voltage in parrallel circuits

Discussion in 'General Electronics Chat' started by VADER332, Mar 4, 2006.

  1. VADER332

    Thread Starter New Member

    Mar 4, 2006
    1
    0
    How do you find the voltage in a parrallel circuit if it is not given?

    Ex. if you had 3 resistor 1ohm,2ohm, and 3ohms split into 3 branches with a 500mA current
     
  2. hgmjr

    Moderator

    Jan 28, 2005
    9,030
    214
    Without a diagram to go by it is tough to figure out what you have described.

    hgmjr
     
  3. beenthere

    Retired Moderator

    Apr 20, 2004
    15,815
    282
    Hi,

    You have not given enough data to us. With the 3 resistors in parallel, the equivalent resistance will be less than the smallest discreet resistor, so Rt will be under 1 ohm. With no additional resistance given, we can only suggest a very low source voltage that will source the 500 mills current.
     
  4. Grant

    Member

    Mar 5, 2006
    17
    0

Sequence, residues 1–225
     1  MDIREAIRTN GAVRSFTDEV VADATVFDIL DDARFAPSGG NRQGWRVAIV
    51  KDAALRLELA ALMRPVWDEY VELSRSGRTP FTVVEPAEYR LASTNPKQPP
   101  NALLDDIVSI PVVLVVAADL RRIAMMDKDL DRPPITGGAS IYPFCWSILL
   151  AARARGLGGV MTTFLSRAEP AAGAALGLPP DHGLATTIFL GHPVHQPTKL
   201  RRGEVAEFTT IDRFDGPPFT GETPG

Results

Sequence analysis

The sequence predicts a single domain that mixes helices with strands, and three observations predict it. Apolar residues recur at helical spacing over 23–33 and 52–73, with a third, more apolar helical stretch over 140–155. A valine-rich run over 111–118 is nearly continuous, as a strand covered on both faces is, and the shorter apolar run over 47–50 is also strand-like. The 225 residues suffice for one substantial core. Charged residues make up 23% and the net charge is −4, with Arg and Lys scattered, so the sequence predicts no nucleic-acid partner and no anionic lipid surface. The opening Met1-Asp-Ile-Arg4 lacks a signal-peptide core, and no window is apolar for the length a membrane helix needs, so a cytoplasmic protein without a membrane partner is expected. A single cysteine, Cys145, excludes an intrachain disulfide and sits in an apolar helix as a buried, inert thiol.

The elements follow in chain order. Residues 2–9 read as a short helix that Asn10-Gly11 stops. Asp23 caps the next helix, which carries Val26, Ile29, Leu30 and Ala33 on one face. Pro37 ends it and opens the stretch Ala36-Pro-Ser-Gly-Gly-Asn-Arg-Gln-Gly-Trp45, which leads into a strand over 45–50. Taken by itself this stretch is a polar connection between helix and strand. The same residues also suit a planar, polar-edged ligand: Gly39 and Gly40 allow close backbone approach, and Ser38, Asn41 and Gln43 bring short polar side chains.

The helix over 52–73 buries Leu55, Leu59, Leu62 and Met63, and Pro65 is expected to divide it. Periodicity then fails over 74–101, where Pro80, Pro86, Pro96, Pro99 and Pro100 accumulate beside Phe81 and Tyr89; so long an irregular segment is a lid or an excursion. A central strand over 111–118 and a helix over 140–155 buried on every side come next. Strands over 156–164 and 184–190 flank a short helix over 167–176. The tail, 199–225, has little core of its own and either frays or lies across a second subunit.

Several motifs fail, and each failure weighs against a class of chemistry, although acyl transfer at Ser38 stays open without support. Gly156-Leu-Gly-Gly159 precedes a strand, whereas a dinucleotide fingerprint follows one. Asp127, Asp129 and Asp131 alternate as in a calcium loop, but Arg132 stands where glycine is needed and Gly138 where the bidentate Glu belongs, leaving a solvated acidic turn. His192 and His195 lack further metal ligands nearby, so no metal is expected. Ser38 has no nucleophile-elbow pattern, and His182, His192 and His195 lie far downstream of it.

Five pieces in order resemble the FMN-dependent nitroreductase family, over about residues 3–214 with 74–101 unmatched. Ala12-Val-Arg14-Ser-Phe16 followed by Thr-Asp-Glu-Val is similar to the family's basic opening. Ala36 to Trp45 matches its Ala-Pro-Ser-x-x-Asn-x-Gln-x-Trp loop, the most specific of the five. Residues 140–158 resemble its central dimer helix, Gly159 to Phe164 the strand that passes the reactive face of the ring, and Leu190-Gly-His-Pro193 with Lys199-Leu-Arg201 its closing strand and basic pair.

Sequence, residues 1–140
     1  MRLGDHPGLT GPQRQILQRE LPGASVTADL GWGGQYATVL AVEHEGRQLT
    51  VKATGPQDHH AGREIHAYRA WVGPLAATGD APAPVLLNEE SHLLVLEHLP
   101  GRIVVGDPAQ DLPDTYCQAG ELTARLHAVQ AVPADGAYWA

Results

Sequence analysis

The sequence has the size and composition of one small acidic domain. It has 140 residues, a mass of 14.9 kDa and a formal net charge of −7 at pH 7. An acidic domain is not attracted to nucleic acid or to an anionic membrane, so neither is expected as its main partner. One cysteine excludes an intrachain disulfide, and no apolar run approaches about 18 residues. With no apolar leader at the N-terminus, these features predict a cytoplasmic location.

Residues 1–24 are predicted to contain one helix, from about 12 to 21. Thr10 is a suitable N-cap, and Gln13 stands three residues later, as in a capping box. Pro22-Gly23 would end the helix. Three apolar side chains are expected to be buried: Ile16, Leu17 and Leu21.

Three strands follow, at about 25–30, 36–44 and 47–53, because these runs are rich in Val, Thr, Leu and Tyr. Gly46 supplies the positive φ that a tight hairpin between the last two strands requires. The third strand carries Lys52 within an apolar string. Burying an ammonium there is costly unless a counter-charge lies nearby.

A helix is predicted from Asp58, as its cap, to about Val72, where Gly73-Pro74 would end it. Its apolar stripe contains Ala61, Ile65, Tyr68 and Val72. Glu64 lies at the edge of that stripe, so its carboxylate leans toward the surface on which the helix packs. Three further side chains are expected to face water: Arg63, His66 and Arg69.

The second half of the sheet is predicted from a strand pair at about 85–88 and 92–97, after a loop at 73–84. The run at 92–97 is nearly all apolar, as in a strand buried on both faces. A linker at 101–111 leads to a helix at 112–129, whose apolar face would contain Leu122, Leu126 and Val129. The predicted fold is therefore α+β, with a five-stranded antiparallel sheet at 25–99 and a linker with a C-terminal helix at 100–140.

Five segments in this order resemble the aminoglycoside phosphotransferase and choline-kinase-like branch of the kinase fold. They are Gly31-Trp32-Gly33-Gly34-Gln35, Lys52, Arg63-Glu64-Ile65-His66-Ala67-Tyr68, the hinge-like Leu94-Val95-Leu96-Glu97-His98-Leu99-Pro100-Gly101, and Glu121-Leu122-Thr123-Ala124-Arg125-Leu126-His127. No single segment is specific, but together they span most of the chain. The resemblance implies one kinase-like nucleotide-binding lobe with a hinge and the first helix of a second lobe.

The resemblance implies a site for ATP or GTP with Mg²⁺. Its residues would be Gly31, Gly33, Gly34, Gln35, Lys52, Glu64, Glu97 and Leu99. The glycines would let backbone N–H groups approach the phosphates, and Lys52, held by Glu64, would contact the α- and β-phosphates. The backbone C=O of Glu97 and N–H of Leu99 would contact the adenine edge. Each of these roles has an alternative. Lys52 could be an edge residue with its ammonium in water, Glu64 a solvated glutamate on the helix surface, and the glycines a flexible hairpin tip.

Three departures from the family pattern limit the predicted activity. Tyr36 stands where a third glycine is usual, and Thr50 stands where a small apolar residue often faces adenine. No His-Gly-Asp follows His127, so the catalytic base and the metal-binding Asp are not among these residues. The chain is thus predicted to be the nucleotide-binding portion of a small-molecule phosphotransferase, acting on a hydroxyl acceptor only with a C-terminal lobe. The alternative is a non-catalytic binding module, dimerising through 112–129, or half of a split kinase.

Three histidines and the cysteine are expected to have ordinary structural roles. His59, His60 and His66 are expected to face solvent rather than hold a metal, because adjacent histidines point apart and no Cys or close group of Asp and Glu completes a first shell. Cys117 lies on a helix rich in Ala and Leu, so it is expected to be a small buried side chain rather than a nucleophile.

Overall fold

Hello Vader,
    The three resistances in parallel will give a total resistance of 0.55 Ohms-(using resistances in parallel equation). If you have a total current of 500mA then simply using Ohm's Law we have E=IxR
    (500mA is 0.5 Amps)
    E= 0.5x0.55
    E= 0.275 Volts
    Hope this explains it to you.
    Cheers,
    Grant
     
  5. alva

    Member

    Dec 14, 2005
    12
    0

    If the current is 500 mA before splitting up between the 3 branches, then you need to solve R then you can get the voltage. E =IR.

    For parallel resistors you can simply add the ohm value reciprocals and then use the reciprocal of the total. e.g. 1/1 + 1/2 + 1/3 = 6/6 + 3/6 + 2/6 = 11/6 = 6/11 =.545 or .55 ohms; then solve for E : E= .55 ohm x .5 A = .275V
    And in a parallel circuit the total resistance will always be less than the lowest ohm resistor, in this case 1 ohm.
     
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